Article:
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I've had several clients ask this, and I've never been able to get or give a satisfactory answer. Can you (practically) put a working form into an HTML email?

My understanding is that you can, but that there's no guarantee of email clients properly handling it, so that method would only be practical with individual recipients that you'd had a chance to test with, rather than with huge mailing lists of people using diverse email clients. But my understanding comes from a lot of developer friends shrugging at the question and no authority that I've found giving a clear answer either way.

What does Stack Overflow think? What's the best answer when you're asked to do this by a client who, for instance, wants a few hundred people to fill out a survey?

(Don't bother just answering "provide a link to a form on a website". That's the obvious answer. I want to know specifically if there's a consensus about forms in email.)

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6 Answers

up vote 18 down vote accepted

1. HTML in email is perceived by some to be a blight

It just hardly ever works, and when it does work, it doesn't work properly.

I recently experienced a case where a rather lengthy html email, although well composed and worked rather well, was cut in half and prematurely trimmed by GMail ( due to length ) which mangled the design a bit.

I've also had cases where the HTML was so malformed the email turned up in my inbox as if it were really a blank email.

2. I don't trust forms in my email

For security reasons mostly, some clients may intercept the form action, and the post action won't go anywhere ( Especially in cases where they have a physical email client, Open Web browser and posting data via it, thats rather complicated ).

You are simply better off having a form on a website that you can control, and people don't have any nasty surpises about ( Especially if you need javascript to execute the form, many email clients won't put up with that )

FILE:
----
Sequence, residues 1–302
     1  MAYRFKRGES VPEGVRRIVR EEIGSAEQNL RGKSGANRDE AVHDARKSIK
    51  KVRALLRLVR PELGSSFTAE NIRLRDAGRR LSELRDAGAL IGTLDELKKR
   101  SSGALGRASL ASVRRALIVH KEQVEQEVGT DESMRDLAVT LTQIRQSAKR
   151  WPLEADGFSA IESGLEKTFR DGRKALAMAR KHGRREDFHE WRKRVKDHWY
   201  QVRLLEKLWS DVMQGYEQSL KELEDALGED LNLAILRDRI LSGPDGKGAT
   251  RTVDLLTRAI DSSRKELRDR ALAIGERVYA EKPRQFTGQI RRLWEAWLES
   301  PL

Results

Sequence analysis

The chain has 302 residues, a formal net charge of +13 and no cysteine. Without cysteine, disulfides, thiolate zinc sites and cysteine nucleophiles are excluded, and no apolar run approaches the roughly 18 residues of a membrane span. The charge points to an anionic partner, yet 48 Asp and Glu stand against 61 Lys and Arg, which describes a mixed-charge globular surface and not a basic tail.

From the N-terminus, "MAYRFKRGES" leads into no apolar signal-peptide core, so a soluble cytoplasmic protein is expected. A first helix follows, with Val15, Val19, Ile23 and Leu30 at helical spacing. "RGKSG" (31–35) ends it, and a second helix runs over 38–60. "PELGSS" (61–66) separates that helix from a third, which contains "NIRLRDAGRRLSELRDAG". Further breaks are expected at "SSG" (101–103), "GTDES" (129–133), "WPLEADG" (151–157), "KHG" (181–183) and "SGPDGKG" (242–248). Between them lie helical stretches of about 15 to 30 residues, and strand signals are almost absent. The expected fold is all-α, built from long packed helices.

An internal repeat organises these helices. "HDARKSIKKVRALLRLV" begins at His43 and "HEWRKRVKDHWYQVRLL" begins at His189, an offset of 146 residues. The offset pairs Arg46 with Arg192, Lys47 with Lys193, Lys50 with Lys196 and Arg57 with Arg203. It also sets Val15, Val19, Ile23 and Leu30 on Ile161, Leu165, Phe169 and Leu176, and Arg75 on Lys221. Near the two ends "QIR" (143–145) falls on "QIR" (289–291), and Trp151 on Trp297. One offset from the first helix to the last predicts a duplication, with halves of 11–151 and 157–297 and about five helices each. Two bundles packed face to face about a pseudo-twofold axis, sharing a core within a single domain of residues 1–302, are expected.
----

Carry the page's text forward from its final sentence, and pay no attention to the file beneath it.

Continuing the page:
Maybe, you can put a form in, but for the sake of sanity, be as backwards compatible as possible, so that somebody with a text based browser like Pine or Mutt can still read it, and be given a link to a working form that doens't require client magic.

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Simple answer is no, you can't. Try telling your client something like this:

Hardly any email clients will allow HTML forms in email, and some spam systems specifically block and delete emails that contain forms. This is due to security. There's a good chance that not even a fifth of the emails that are send with forms in them will even reach the recipients in-box.

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I completely understand. I've had to explain this to a few clients before as well. I actually had one say they wanted to go through with it anyways. It was interesting to see how specific email clients handled forms. Thunderbird for example changes all of the input boxes to "[...]" or something. –  Ty. Jan 9 '09 at 16:13
    
Hm. It just occurred to me that my bosses (I work for a research center) might let me use my time on the clock to actually do a full study into this (with surely predictable results). If I end up doing it, I'll let the Stack Overflow crowd know the results. –  Phantom Watson Jan 9 '09 at 16:19